Monday, February 11, 2008

From Canada, the alarming redefinition of 'glacial'

A sad tale from the Star (Canada) about the dwindling ice river in Manitoba: ...The Athabasca Glacier on average recedes, or melts off, 10 metres per year, a retreat that began about 160 years ago and has picked up since the mid-1970s, Charlton says. Though smaller glaciers are shrinking faster, the Athabasca has now lost half its volume and receded more than 1.5 kilometres since its discovery and naming in 1898. Bob Sandford, executive director of the newly formed Western Watersheds Climate Research Collaborative, highlighted other alarming changes during a climate change conference organized by his non-profit organization in November and in his new book, Water, Weather and the Mountain West (Rocky Mountain Books).

"However symbolic the loss of the (Athabasca) glacier may be, what is happening to the snow pack patterns may be even more significant because the Rockies appear to be becoming warmer and drier with significant consequences for already highly stressed eastern slope rivers, which supply water to a huge part of the prairies," he said in a telephone interview from Canmore, Alta. "The peak impact of glacial recession on flow volumes in eastern slope rivers has already occurred."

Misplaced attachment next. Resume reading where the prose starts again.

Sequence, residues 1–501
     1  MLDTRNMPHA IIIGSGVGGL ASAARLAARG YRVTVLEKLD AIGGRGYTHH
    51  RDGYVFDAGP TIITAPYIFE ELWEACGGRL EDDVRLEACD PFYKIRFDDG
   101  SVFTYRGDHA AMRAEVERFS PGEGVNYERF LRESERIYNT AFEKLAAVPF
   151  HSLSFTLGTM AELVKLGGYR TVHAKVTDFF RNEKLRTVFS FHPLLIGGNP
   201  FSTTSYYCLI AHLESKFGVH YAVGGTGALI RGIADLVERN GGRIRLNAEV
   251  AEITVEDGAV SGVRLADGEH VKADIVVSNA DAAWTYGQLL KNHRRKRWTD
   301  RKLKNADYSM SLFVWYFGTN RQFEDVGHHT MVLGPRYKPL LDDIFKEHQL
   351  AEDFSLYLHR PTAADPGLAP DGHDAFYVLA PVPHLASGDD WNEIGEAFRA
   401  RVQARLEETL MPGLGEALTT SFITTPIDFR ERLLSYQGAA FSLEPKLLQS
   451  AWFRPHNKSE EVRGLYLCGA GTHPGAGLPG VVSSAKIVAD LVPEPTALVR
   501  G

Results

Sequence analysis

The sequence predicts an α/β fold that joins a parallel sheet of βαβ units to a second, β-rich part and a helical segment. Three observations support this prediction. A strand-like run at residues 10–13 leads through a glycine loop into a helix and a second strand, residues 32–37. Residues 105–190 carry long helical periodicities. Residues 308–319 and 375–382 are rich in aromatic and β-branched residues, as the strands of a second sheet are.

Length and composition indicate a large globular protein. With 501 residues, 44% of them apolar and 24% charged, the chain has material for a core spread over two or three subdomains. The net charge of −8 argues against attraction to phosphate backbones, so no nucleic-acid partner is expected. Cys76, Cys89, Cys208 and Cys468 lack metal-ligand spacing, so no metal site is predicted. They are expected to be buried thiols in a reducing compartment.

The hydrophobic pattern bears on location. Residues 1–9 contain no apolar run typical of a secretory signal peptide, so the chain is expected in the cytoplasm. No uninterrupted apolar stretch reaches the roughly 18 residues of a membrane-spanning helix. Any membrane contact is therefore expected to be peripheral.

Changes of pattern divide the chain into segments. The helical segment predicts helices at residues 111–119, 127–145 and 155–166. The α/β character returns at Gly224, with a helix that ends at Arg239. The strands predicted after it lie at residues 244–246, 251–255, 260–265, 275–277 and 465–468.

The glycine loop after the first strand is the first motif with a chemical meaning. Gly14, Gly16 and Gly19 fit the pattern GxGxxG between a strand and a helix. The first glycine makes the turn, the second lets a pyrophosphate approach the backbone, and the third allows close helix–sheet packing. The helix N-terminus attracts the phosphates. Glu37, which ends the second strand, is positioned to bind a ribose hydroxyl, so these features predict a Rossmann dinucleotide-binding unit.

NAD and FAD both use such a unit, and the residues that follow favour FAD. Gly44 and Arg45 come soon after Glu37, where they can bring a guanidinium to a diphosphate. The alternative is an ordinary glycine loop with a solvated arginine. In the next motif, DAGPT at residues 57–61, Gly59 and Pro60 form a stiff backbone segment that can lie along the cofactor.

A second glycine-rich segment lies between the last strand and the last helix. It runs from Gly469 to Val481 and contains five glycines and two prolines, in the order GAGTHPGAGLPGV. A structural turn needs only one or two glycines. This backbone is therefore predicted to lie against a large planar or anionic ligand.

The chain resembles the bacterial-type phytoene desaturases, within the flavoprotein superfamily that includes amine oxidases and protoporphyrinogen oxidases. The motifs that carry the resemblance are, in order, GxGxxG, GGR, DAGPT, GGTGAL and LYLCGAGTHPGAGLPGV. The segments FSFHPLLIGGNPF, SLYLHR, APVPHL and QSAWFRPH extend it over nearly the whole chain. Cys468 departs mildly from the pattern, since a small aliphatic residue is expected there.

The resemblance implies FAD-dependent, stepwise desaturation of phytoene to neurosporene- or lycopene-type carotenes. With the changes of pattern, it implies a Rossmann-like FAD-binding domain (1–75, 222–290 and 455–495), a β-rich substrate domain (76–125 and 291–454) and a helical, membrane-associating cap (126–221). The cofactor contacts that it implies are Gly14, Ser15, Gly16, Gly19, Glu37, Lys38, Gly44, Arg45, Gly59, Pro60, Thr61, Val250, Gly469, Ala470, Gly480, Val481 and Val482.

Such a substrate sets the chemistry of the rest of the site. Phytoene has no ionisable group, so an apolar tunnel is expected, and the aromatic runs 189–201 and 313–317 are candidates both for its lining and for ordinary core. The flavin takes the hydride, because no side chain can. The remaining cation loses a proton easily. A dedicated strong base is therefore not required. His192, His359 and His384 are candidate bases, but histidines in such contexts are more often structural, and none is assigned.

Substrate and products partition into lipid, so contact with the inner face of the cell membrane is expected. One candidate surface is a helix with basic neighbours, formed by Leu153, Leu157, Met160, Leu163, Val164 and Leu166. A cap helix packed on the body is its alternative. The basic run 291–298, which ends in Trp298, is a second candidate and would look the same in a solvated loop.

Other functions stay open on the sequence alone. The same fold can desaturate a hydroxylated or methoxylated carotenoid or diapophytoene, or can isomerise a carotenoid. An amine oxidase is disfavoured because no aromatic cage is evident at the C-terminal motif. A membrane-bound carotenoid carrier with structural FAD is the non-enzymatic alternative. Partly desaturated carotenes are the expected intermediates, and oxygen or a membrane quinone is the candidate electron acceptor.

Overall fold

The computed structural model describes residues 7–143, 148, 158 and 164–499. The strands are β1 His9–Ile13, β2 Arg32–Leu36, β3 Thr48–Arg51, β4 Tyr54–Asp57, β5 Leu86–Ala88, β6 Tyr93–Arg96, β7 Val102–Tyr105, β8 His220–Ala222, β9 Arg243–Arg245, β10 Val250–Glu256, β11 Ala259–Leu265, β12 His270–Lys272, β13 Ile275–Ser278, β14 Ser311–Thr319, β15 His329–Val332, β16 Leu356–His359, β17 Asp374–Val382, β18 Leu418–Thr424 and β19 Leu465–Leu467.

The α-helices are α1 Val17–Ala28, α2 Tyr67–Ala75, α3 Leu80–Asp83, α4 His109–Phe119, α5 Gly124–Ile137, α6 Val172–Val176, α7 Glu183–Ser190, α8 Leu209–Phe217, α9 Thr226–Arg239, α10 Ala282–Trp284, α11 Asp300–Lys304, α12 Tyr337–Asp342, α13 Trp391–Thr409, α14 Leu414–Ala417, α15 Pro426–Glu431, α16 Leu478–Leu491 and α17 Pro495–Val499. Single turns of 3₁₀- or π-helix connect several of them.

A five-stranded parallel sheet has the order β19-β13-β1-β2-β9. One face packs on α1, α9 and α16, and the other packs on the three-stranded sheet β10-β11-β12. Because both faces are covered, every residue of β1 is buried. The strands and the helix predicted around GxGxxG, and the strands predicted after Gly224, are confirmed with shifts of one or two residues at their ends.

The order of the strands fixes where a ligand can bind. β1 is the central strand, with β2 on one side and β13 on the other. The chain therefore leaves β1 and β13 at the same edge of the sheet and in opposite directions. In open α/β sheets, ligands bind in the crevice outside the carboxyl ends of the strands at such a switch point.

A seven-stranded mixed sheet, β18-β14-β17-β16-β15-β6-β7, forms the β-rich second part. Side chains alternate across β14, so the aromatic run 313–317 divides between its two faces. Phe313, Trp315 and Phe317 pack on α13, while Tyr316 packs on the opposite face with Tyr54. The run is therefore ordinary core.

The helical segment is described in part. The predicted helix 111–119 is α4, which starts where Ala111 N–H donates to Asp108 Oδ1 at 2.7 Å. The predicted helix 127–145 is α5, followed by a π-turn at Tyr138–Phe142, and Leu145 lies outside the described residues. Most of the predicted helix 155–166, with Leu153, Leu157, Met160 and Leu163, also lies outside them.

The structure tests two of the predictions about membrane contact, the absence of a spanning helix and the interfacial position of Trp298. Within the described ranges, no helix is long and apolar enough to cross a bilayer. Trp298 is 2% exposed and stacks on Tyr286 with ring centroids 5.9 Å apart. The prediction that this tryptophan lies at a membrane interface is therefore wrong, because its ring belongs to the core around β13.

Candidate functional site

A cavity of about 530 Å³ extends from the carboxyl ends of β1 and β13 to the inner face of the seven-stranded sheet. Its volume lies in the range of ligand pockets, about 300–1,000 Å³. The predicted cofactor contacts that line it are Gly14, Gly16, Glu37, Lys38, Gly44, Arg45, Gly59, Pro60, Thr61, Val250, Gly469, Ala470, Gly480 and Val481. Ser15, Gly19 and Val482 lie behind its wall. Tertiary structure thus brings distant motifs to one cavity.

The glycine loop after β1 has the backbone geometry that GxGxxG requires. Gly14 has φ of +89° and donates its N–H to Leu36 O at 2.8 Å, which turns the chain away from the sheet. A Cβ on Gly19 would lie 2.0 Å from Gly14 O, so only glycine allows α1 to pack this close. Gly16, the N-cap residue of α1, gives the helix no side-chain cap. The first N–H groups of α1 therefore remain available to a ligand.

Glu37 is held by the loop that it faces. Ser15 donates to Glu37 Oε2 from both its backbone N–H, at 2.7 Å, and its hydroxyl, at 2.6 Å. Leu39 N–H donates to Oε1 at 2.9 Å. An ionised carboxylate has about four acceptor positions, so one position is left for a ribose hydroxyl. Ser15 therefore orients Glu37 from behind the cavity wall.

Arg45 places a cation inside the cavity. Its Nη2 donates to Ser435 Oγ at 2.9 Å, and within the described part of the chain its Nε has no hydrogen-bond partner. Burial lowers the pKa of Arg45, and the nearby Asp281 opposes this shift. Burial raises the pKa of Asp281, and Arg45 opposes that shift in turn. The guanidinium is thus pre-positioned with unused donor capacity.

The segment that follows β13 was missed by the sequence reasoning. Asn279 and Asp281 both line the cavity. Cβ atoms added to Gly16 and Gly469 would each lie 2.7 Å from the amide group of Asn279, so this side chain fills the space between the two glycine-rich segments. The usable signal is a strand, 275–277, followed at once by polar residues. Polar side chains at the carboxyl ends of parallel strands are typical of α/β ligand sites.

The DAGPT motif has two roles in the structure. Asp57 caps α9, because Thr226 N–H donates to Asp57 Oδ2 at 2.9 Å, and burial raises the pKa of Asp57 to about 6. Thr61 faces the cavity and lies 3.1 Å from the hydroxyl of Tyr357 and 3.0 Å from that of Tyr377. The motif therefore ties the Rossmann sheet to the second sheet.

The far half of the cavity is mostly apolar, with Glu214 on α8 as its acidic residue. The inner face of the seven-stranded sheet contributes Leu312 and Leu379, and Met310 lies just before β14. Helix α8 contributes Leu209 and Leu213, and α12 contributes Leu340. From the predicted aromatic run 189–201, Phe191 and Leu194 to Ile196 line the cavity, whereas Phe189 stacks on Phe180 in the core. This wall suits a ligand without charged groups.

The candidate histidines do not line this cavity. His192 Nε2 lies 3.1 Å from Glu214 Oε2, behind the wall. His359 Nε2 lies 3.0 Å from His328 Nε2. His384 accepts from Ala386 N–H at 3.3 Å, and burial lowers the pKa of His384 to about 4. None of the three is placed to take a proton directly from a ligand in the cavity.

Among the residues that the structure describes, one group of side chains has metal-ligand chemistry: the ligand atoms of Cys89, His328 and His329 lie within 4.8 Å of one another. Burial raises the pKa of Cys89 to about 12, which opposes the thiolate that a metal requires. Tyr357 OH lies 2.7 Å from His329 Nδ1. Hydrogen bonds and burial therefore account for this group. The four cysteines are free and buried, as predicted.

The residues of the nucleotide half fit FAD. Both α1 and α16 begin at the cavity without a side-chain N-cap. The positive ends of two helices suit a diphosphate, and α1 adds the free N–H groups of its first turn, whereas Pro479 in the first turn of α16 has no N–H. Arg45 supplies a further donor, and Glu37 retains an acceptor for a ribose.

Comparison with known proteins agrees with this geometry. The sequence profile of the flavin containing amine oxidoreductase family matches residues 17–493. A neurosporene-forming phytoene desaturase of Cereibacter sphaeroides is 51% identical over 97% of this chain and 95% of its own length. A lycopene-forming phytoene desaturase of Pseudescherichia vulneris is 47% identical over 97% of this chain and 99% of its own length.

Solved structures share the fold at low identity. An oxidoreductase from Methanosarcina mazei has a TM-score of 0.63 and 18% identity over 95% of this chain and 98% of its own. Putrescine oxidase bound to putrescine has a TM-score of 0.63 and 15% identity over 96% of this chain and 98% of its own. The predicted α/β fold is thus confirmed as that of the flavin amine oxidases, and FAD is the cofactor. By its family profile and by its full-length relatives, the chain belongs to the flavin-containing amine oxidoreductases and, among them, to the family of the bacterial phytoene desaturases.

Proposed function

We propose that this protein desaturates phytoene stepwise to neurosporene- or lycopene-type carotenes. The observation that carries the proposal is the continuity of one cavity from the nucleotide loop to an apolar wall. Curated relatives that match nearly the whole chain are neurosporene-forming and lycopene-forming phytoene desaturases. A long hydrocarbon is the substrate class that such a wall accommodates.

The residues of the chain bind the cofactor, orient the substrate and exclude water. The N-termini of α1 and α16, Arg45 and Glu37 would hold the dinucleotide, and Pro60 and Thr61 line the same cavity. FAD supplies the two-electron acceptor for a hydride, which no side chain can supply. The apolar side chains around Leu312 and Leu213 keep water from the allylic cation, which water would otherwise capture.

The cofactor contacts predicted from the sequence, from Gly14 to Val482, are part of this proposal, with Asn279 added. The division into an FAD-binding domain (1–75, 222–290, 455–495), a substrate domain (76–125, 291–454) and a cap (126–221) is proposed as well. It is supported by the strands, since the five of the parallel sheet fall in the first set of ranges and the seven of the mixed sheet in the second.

Mike Demuth, glaciology research scientist for Natural Resources Canada, says the glaciers have been "hit by a double whammy" linked to global warming that causes them to retreat unnaturally fast. Glaciers store snow in the winter and provide meltwater when it's needed most, in the summer. Demuth, who is part of a glaciology group studying the West's mountains, says the region is now experiencing less snow accumulation in the winter, and more melting in the summer caused by warmer temperatures....

Photo of Athabasca Glacier from Wikimedia Commons, uploaded by Bruno Menetrier

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